[vcf-midatlantic] Vintage Computer Federation at Lehigh Valley FAST 2016

Herb Johnson hjohnson at retrotechnology.info
Thu Sep 15 12:20:15 EDT 2016

Thanks from me for your excellent report on your own activities and 
exhibit. Your exhibit is good vintage-computing outreach. Can you also 
report on the other exhibits there? I am (and others I correspond with 
are) interested in how children today are presented with STEM 
technology, by the various groups that support (and sell) STEM; and how 
the kids themselves present their own efforts and school-sponsored 
projects. We compare that, with how we old-people learned about 
computing and electronics, in our youth.

The vintage-computing connection to STEM in my opinion is this. In the 
vintage era of the 1960's and 70's, "STEM" was represented as "the space 
race", and it was mostly a federal/schools program on education 
fundamentals. There were few products to offer, not many computers. 
Apple and the Apple II were the educational "push", but that came later. 
And the "personal computer revolution" as group events, was mostly a 
product of adults in locally-formed clubs, that met in homes or in 
public spaces (libraries, museums, etc.). Kids were not a big part of 
either of these, until the video gaming rise (and fall) in the later 

NONE of this was particularly "competitive" as in contests between 
groups to perform any kind of tasks or games, with scoring and 
regional/national contests. Efforts to nationalize computer clubs, 
didn't pan out. Later there were top-down organizations, around Apple or 
IBM or other specific product lines; and most supporting magazines or 
publications or conventions, or BBS's or email lists.

STEM of course, in the schools and as supported by national groups and 
international corporations, is quite a contrast. The common point is 
that these circumstances - STEM in schools, what became vintage personal 
computing groups - is how these introduced "computing" technology to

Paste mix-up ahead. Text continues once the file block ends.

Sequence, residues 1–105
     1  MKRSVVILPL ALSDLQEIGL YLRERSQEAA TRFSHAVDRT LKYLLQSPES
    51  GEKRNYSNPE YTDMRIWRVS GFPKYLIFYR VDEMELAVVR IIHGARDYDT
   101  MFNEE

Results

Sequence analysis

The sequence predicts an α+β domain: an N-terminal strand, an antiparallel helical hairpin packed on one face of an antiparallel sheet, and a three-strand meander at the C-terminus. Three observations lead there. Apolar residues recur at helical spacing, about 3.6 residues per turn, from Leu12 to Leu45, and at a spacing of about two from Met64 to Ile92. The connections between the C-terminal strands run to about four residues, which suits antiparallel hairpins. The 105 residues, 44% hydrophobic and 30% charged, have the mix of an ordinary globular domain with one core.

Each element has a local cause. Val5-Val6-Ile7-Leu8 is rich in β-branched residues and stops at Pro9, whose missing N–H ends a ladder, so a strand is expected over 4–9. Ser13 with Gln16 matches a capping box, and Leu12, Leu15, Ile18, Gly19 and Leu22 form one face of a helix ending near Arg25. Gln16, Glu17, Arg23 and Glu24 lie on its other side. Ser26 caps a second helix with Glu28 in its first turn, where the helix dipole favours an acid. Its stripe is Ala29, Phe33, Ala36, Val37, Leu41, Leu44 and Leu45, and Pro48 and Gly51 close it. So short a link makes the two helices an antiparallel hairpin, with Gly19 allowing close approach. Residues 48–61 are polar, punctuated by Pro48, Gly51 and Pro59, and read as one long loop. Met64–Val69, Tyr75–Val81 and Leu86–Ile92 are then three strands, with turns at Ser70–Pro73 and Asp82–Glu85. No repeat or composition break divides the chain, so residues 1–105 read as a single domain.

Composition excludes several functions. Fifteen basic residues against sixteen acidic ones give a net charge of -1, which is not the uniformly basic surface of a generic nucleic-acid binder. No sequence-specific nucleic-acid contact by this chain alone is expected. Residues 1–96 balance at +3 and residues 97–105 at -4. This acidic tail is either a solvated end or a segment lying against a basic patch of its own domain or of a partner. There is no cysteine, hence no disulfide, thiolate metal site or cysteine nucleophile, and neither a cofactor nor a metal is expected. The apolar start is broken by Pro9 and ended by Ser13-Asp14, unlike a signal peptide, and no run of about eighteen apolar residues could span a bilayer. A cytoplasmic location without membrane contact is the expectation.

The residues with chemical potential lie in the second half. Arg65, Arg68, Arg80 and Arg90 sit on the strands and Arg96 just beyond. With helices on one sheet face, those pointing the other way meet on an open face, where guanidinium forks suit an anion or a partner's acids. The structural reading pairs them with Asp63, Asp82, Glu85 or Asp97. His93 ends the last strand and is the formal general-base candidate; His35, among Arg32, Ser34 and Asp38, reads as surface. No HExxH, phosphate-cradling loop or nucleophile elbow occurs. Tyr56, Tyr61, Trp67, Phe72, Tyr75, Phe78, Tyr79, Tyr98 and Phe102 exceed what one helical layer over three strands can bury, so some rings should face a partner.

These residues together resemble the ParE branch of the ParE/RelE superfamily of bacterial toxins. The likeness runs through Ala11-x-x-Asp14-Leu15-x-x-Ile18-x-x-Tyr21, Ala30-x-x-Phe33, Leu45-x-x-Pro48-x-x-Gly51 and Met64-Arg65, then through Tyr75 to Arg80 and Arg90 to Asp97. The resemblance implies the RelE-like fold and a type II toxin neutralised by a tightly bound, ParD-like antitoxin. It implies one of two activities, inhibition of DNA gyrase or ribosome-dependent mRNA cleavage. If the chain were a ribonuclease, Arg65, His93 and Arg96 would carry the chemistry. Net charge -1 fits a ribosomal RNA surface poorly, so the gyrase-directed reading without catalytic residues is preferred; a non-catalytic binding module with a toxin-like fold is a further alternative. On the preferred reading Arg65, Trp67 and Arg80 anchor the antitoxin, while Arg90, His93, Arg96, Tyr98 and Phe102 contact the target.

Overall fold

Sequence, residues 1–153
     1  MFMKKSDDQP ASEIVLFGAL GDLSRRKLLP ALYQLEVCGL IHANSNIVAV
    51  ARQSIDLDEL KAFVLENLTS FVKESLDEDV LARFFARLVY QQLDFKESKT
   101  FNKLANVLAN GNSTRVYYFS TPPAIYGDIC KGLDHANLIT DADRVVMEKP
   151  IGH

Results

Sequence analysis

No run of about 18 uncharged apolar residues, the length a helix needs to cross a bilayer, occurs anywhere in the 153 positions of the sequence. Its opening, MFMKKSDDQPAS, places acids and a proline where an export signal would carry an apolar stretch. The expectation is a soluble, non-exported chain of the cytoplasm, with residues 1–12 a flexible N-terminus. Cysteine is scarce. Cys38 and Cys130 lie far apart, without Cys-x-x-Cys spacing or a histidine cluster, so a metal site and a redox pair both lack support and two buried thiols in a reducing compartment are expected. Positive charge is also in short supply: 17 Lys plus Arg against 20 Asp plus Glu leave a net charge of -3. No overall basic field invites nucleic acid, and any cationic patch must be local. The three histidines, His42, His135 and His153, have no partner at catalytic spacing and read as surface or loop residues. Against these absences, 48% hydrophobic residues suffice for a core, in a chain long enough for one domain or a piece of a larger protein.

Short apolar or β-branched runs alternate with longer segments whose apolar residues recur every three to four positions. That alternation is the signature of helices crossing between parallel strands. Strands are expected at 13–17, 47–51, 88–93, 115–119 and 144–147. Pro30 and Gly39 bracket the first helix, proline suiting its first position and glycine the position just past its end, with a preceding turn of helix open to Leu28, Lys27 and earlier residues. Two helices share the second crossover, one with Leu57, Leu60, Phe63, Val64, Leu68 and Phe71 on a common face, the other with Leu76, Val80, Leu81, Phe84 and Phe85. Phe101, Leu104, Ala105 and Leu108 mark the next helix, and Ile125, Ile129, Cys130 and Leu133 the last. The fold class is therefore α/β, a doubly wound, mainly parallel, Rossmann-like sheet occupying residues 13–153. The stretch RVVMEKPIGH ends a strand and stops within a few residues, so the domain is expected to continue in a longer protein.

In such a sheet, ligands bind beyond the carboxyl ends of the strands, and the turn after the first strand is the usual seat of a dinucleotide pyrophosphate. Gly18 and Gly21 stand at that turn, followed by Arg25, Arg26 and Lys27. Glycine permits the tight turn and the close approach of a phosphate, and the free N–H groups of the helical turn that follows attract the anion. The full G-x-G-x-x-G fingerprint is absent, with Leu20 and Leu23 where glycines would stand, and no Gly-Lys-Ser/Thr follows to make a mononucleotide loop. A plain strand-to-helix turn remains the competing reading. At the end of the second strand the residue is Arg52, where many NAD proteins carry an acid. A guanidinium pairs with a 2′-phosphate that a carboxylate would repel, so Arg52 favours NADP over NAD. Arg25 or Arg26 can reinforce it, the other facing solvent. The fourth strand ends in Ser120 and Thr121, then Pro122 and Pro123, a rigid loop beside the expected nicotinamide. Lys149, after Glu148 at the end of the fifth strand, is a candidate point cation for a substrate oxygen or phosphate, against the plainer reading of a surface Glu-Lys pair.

youngsters. We vintage-computing owners look back at vintage computers 
and remember our involvement, and our machines. I have no doubt that 
some STEM participants, will look back at their experiences and products 
used, with the same sort of "vintage" interests.

But more relevant today to us, is when STEM participants - still kids - 
come to vintage computing events and exhibits, and evaluate "our" 
technology based on their STEM competitions and events. They will expect 
the kinds of "computing" they have experienced; and will have no 
experience with some of our earliest vintage computers which we display 
and describe.

Todd's report, in my opinion, gives us a glimpse into the present (and 
the future) of vintage computing.

The kid's attraction to printers, for instance, is that they are loud, 
use paper, and move paper around - not that they would actually READ any 
papery-bloggy-texty things not on a screen! And of course, the parents 
have their own expectations and histories, directly related to vintage 
computing, but likely influenced by their kid's participation in STEM. 
Todd and his colleagues, reported on both, thanks!

(Sorry if that appears long-winded. But these are not simple concepts or 
even widely-held point of view. It takes time to explain such things. 
And frankly, it's a little frustrating to me, when I post such remarks. 
Why? Because I get little response. If there's no reaction, I assume I'm 
either off-base, boring, overwhelming, or irrelevant to those reading 
this list. So let me know if what I say, means anything to those reading 
it. Thank you.)

Herbert R. Johnson,  New Jersey USA
http://www.retrotechnology.com OR .net

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